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a programmatic cad library

Project description

Petrify Logo https://travis-ci.org/AnIrishDuck/petrify.svg?branch=master Documentation Status https://mybinder.org/badge_logo.svg

A library for constructing, importing, visualizing, modifying, and exporting three-dimensional geometry and toolpaths. Designed for CAD / CAM applications.

To get started with this library, we recommend walking through the demos below. Each notebook contains links to our comprehensive class and method-level documentation.

Online Demo

Thanks to the magic of binder, you can try out petrify online. We have demos for several core petrify features:

  • Construction of many basic solids.
  • Methods for defining advanced solids.
  • Combining multiple solids into a single complex solid.
  • Setting visual properties on solids to create the above logo.

Have patience; notebooks on binder can take up to a minute to start. Due to a (possible) bug in pythreejs, you’ll need to click “restart and run all” to see the relevant interactive visualizations.

Design Principles

  • Novice focus. This library should make it as easy as possible to build and manipulate solids, shapes, and other geometry.
  • Immutable operation. Immutable math is easier for most audiences to reason about. This library explicitly does not target strong real-time applications like games that demand mutability for performance.
  • Pluggable engines. CSG is complicated. Different engines have different tradeoffs:
    • The pymesh engine is the default where the pymesh2 library is installed. It uses the CGAL CSG engine, which is mature and quite fast. However, building pymesh with CGAL support can be difficult for novices and in certain environments (like Windows and OSX).
    • cython-csg is relatively fast, but still requires a cython build toolchain.
    • pycsg is a pure-python implementation. It is obviously quite slow, but works everywhere python does. For example, pure python environments like pyiodide can utilize this engine easily.

Quickstart with Docker

We recommend using petrify inside our prepackaged docker image. This image has all the necessary libraries for running a Jupyter notebook server, and the pymesh engine already installed:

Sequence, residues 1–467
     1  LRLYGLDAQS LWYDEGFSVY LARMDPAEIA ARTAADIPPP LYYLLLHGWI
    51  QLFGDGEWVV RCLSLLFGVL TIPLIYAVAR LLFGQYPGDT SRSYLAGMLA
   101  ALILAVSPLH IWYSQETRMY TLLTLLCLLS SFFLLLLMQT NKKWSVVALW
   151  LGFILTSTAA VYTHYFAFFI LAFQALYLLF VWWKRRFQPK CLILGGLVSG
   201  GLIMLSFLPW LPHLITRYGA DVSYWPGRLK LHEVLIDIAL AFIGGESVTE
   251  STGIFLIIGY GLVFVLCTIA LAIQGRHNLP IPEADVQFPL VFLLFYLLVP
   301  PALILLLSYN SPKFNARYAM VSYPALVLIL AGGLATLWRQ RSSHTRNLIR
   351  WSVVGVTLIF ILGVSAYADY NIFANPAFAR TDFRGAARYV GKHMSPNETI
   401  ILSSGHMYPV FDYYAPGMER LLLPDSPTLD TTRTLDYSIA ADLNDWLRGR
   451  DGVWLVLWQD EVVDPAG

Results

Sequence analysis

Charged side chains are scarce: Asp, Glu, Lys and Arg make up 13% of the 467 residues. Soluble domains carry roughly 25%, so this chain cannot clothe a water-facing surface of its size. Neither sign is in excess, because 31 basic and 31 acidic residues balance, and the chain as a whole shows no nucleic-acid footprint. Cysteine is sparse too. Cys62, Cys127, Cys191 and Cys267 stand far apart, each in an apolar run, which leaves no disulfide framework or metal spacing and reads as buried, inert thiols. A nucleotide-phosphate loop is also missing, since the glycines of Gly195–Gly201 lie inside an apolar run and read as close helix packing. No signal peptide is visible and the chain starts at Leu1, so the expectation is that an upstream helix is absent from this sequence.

docker run -it -p 8888:8888 \
  -v $(pwd)/notebooks:/home/jovyan/work \
  anirishduck/petrify

The above command will expose a notebook on port 8888 with the necessary volume mounts for persisting the work directory. The server will output a ?token=<xxxxx> query parameter you will need for authentication.

Installation

petrify is published online via pip:

pip install petrify

We strongly recommend using its visualization capabilities in combination with Jupyter:

pip install notebook pythreejs

While petrify is functional from this point, you almost certainly want to install a more powerful engine than the default pycsg one. See our csg example for more detail on why; read on to learn how.

pymesh2

pymesh is the most mature driver, but also has the most complicated installation procedure. We currently only recommend this installation in a Linux-like environment. You can also use WSL if on Windows, or a VM on OSX.

You will need to build pymesh with CGAL support to use this engine. To install in Ubuntu or Debian environments:

sudo apt-get install libcgal-dev

Now, you can install using the normal PyMesh installation procedure. In Linux-like environments, you can probably just install all the needed library dependencies in the documentation, and then run:

pip install pymesh2

cython-csg

Installation of cython-csg requires a working build of cython, which should be available on most major platforms:

pip install cython

From here, the installation of cython-csg should be entirely automated:

pip install cython-csg

Contributors

This library is a fusion of:

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